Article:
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He has little knowledge of Horace who imagines
Vila potabis modicis Sabinum
We here easily remark the intertexture of a happy compliment with an humble invitation; but certainly are less delighted than those, to whom the mention of the applause bestowed upon Maecenas, gave occasion to recount the actions or words that produced it.
Two lines which have exercised the ingenuity of modern criticks, may, I think, be reconciled to the judgment, by an easy supposition: Horace thus addresses Agrippa: Scriberis Vario fortis, et hostium Victor, Maeonii carminis alite. HoR. Lib. i. Ode vi. l.
Varius, a swan of Homer's wing,
That Varius should be called “A bird of Homeric song,’’ appears so harsh to modern ears, that an emendation of the text has been proposed: but surely the learning of the ancients had been long ago obliterated, had every man thought himself at liberty to corrupt the lines which he did not understand. If we imagine that Varius had been by any of his contemporaries celebrated under the appellation of Musarum ales, “the swan of the Muses,” the language of Horace becomes graceful and familiar; and that such a compliment was at least possible, we know from the transformation feigned by Horace of himself. The most elegant compliment that was paid to Addison, is of this obscure and perishable kind;
When panting Virtue her last efforts made, You brought your Clio to the virgin's aid. These lines must please as long as they are understood; but can be understood only by those that have observed Addison’s signatures in the Spectator. The nicety of these minute allusions I shall exemplify by another instance, which I take this occasion to mention, because, as I am told, the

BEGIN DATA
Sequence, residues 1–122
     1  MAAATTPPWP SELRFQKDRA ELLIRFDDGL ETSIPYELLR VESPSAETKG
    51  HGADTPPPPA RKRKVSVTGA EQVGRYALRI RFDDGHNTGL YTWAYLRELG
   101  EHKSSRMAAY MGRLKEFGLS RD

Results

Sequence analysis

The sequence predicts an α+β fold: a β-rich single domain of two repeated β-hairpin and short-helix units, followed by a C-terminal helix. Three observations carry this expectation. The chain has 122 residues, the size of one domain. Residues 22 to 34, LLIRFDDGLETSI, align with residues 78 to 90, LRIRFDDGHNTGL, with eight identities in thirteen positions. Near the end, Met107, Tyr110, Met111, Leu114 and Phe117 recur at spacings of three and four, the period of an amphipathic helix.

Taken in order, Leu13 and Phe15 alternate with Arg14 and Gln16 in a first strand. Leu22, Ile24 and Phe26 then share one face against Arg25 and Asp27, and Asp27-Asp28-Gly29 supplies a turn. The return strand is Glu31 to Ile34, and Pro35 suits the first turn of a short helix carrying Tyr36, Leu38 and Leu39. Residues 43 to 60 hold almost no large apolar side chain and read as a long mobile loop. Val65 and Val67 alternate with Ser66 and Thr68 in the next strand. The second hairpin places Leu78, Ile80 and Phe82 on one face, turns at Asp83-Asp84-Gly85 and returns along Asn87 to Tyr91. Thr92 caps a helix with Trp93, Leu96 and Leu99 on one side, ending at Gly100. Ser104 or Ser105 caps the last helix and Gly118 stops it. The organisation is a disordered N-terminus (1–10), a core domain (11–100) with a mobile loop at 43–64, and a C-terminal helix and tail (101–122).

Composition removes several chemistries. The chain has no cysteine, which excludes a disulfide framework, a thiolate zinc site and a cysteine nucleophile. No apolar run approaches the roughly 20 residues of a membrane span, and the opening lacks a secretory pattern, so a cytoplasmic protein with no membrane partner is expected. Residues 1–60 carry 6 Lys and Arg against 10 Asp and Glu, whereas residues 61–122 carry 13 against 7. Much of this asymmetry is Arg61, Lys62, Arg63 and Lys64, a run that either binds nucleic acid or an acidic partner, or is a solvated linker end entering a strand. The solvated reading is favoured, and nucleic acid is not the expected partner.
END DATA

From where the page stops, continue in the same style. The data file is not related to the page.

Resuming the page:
ised to add the histories of those, whose virtue has made them unhappy or whose misfortunes are at least without a crime. That this catalogue should be very numerous, neither you nor your readers ought to expect: rari quippe boni; “the good are few.” Virtue is uncommon in all the classes of humanity; and I suppose it will scarcely be imagined more frequent in a prison than in other places. Yet in these gloomy regions is to be found the tenderness, the generosity, the philanthropy of Serenus, who might have lived in competence and ease, if he could have looked without emotion on the miseries of another. Serenus was one of those exalted minds, whom knowledge and sagacity could not make suspicious; who poured out his soul in boundless intimacy, and thought community of possessions the law of friendship. The friend of Serenus was arrested for debt, and after many endeavours to soften his creditor, sent his wife to solicit that assistance which never was refused. The tears and importunity of female distress were more than was necessary to move the heart of Serenus; he hasted immediately away, and conferring a long time with his friend, found him confident that if the present pressure was taken off, he should soon be able to re-establish his affairs. Serenus, accustomed to believe, and afraid to aggravate distress, did not attempt to detect the fallacies of hope, nor reflect that every man overwhelmed with calamity believes, that if that was removed he shall imme
diately be happy: he, therefore, with little hesitation